The Gloriavale Leavers’ Support Trust and the wider network estimates they have helped over 200 people in their leaving journey in the past several years. But to put that in perspective, the average Gloriavale family has about 12 children. There are about 600 people still living inside Gloriavale – about 350 of them are children – so there are still more people living inside than out.

What sort of lengths do people go to in order to leave Gloriavale?

There is a growing resistance movement on the outside that casually call themselves the ‘Underground Network’. These are neighbours, former members, lawyers, media and just members of the public that want to help. To leave Gloriavale is much like being a refugee – most don’t have bank accounts, drivers’ licences, passports.

Many have never even handled money, never caught a bus. One of our contributors had only ever been to Greymouth a handful of times in her life for dental appointments – that was her only tiny window to the outside world, so she had never seen phones or ATMs or escalators.

She had never had her hair cut, worn anything but her uniform from birth, hadn’t even been to the supermarket. So to say leaving is difficult is a huge understatement.

Add to that the psychological barriers they have – they are raised to believe that leaving means eternal damnation which is a fate worse than death. So the process of leaving can take many years.

I have heard stories of very elaborate escapes in the dead of night involving multiple people on the outside and intricate planning, or fathers sneaking back in to get their wives and children out. That’s what some people have had to do to find their freedom.

What do you think viewers will find most surprising about the Leavers’ stories?

I can’t wait for viewers to see the fabulous, fearless and incredibly inspiring cast we have assembled. To our shame as a nation – and certain media have fed this – Gloriavale people have almost been de-humanised, the butt of our jokes. Well this documentary is going to dismantle those misconceptions. There is not a meek, mild or ‘weak minded’ character in this series.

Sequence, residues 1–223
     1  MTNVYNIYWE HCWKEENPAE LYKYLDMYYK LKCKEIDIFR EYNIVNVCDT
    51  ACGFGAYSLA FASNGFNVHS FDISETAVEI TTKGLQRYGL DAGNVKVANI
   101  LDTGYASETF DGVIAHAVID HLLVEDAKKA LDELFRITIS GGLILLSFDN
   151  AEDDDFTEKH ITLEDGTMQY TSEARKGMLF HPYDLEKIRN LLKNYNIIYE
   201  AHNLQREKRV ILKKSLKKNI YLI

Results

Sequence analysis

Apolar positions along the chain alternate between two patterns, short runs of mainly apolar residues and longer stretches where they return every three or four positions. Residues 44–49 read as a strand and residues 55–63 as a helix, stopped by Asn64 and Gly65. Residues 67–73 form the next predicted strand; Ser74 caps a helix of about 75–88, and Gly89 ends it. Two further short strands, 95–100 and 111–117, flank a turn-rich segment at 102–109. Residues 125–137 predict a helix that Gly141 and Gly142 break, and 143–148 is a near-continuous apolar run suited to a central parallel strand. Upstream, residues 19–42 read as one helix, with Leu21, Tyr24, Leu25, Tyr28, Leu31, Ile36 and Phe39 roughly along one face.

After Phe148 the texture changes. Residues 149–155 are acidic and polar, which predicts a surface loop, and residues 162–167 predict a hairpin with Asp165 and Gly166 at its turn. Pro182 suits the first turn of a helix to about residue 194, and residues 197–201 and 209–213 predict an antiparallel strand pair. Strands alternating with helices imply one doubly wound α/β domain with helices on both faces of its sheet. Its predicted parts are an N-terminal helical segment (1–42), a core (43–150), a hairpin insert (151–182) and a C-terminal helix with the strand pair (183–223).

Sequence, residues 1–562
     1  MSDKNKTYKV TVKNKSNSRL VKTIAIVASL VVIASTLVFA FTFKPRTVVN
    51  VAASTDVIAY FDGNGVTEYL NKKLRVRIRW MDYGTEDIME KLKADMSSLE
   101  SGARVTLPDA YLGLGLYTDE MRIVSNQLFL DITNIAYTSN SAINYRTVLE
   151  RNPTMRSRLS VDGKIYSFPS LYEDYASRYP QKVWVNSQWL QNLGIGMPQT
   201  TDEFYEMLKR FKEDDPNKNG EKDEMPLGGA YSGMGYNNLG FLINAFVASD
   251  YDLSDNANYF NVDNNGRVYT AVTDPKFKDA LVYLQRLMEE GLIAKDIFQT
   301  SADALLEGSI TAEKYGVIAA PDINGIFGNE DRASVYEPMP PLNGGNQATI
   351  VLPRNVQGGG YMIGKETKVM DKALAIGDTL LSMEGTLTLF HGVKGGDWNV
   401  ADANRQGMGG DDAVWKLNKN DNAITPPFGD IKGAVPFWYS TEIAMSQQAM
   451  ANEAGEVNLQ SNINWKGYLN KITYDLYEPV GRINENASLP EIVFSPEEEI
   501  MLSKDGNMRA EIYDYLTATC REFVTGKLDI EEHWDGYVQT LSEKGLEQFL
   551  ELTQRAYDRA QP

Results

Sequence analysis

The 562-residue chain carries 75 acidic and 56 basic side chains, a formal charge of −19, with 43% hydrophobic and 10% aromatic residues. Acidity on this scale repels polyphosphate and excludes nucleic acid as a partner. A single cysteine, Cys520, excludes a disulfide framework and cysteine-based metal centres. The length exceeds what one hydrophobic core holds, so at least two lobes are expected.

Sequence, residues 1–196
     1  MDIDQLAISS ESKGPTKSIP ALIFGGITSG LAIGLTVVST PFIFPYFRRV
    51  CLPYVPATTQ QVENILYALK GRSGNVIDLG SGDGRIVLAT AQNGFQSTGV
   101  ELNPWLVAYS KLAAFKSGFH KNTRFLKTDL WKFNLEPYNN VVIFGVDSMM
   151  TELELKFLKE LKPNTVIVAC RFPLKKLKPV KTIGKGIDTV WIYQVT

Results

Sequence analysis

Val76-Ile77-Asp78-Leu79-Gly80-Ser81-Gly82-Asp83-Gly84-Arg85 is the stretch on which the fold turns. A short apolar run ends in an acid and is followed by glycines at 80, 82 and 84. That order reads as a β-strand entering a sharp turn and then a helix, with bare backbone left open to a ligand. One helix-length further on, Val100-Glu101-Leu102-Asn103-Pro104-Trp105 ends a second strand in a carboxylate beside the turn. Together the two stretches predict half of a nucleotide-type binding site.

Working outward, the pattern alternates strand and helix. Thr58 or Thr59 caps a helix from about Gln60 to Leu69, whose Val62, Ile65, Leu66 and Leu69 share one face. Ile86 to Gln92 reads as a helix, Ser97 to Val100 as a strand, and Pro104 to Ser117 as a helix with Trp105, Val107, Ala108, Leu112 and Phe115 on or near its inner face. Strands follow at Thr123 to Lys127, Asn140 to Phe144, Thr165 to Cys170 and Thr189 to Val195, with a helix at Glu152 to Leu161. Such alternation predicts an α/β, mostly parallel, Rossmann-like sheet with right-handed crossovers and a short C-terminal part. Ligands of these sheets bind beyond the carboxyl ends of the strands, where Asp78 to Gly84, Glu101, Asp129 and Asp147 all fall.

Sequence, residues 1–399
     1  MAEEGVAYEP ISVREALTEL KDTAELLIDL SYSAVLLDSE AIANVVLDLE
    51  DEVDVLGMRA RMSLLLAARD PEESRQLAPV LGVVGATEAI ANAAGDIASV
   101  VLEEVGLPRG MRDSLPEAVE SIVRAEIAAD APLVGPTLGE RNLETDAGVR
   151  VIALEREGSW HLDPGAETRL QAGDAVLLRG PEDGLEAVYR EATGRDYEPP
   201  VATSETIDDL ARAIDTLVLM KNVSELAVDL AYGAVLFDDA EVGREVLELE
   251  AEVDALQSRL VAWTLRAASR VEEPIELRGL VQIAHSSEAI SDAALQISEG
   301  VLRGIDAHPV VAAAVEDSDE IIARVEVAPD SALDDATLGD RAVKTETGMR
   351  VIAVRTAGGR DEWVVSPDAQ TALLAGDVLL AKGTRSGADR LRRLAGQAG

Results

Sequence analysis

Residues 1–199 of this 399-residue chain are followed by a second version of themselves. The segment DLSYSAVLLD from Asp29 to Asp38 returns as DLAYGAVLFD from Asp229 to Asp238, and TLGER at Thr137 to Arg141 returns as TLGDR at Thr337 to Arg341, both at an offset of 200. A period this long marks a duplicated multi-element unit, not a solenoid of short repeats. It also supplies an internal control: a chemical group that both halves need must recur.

One of our contributors was in a previous documentary where she was not allowed to be herself. So this is her opportunity to actually speak her truth (and she is just such a kick-ass cool woman). These are people who for the most part have been indoctrinated from birth.

They have all suffered abuse of one form or another, and yet they are not bitter or wanting revenge. Their motivation is simple – they want to help their loved ones still inside Gloriavale. Viewers will also be shocked at the things our country has allowed to take place, hidden in plain sight for 50 years.

What do you hope the audience takes away from Escaping Utopia?

I think it will be impossible to ever see Gloriavale in the same light after watching this series. We have put a lot of work into trying to really dig into the psychology of Gloriavale, so we hope the wider audience will have a much deeper understanding of why there are 600 people still there – and that it really is not as simple as just walking out. The psychological prison is much harder to escape than the physical one.

Escaping Utopia, TVNZ 1, Sunday March 24 to Tuesday March 26